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Adaptors
Consider now a series connection of ports, where we have a port resistance ,
, associated with each port. In terms of instantaneous quantities, we have
or, in terms of wave variables, using the inverse of the transformation (2.14),
Since the currents at all ports are all equal to , this implies, using
, that
and thus

(2.30) 
By applying similar manipulations in the case of a parallel connection of ports, we can then write down the equations relating the input and output wave variables at the th port for both types of connection as
where we recall from (2.15) that is defined as the reciprocal of the port resistance .
For powernormalized wave variables, we thus have, applying (2.17),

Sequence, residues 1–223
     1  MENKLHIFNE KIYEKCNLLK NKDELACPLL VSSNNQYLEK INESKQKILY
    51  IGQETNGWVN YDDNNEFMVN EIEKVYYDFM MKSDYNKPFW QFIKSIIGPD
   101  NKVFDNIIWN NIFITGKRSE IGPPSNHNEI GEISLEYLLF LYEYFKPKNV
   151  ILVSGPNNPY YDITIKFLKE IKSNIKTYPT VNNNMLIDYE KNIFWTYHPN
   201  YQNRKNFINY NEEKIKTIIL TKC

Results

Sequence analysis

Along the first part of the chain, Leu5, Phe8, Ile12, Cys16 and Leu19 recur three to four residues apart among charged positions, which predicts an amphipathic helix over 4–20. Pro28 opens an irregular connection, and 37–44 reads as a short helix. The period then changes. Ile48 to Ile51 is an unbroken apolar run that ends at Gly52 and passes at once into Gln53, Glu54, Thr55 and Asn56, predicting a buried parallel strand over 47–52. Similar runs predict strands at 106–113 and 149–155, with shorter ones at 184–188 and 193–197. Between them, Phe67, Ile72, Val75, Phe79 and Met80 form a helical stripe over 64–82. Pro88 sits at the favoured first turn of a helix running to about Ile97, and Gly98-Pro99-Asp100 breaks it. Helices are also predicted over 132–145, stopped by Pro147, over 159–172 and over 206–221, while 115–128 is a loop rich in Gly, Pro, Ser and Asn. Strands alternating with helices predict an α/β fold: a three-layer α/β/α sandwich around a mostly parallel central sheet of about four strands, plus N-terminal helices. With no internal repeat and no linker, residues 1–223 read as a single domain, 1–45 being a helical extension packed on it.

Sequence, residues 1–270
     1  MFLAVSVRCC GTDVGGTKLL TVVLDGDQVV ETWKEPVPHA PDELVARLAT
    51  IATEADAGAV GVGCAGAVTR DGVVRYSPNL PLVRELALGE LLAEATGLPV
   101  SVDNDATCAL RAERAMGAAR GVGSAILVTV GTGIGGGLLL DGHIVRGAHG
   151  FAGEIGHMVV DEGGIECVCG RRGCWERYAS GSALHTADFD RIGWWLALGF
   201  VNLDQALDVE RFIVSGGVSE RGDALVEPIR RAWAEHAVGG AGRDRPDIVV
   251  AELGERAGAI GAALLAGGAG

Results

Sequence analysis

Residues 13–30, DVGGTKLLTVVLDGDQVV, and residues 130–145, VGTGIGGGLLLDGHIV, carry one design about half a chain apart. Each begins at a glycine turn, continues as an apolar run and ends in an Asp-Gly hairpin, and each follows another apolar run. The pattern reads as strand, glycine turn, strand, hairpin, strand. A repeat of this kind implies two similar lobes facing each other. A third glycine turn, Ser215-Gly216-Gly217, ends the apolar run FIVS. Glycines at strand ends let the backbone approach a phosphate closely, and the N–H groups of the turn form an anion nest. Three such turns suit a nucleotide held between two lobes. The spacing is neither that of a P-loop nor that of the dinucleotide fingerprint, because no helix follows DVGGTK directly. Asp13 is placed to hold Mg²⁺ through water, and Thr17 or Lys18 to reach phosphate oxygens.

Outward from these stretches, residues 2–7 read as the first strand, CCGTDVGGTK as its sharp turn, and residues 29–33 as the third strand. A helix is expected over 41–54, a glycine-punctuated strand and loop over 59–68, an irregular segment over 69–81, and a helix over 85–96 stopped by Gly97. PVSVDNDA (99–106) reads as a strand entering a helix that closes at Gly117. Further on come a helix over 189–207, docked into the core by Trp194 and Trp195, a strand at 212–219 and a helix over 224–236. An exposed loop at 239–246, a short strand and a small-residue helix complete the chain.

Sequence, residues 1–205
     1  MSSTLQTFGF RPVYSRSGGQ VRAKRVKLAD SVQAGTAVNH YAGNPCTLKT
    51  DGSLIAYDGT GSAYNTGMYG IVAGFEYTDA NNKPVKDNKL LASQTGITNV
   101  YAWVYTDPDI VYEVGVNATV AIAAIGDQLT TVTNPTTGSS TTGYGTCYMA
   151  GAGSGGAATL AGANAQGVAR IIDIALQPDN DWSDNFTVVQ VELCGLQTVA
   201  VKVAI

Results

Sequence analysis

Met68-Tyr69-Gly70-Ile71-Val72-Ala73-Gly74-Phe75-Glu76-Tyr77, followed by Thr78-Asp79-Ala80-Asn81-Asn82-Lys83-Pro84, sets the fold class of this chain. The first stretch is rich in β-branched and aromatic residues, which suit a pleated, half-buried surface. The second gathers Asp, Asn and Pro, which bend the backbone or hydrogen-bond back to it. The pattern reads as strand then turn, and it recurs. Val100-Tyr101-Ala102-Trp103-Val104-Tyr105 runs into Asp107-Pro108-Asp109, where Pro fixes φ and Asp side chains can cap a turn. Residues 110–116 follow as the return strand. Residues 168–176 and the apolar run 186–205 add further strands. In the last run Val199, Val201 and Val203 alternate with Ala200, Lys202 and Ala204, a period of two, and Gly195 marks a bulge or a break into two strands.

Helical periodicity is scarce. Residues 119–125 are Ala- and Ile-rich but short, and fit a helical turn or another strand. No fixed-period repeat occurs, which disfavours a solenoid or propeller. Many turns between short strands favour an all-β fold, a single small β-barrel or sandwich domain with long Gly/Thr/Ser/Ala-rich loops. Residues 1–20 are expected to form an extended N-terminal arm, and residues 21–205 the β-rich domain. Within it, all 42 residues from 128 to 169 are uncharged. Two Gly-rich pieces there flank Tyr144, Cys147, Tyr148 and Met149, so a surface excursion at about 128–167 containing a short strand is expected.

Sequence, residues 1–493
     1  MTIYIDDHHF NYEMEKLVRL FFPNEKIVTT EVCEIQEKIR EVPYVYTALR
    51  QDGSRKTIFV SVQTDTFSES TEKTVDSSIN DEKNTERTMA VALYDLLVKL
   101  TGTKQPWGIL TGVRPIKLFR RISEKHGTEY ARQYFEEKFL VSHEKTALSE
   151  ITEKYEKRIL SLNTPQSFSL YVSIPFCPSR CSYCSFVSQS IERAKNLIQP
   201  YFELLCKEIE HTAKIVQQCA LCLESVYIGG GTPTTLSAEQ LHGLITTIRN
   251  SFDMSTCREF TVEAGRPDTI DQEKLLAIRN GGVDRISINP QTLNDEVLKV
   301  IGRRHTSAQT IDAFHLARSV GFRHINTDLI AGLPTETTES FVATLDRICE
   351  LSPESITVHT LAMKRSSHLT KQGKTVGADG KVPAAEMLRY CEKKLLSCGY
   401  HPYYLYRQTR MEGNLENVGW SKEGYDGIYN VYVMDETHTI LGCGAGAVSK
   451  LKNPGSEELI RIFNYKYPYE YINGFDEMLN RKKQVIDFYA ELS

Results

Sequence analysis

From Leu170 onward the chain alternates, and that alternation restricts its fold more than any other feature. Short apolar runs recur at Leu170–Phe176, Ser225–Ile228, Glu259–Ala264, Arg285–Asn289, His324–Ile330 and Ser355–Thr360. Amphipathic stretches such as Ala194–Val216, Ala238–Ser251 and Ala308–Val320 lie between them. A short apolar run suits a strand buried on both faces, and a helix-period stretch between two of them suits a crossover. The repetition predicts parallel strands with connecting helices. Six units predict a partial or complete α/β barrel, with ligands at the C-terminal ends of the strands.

The operator which performs this calculation on the wave variables is called a series adaptor or a parallel adaptor [46], depending on the type of connection. The graphical representations of threeport adaptors, for either voltage or powernormalized waves, are shown in Figure 2.12.
Figure 2.12:
Threeport adaptors (a) a general threeport series adaptor and one for which port 3 is reflectionfree and (b) a general threeport parallel adaptor and one for which port 3 is reflectionfree.

A useful simplification occurs when we can choose, for a particular port (called a reflectionfree port [57]) of an port adaptor,
in which case the scattering equations (2.31) yield, for the output wave at port ,
Thus, at a reflectionfree port , the output wave is independent of the input wave ; such a port can be connected to any other without risk of a resulting delayfree loop. The same choices of port resistances (2.35) will also give a reflectionfree port if power wave variables are employed.
Subsections
Next: Scattering Matrices for Adaptors
Up: Wave Digital Elements and
Previous: The Unit Element
Stefan Bilbao
20020122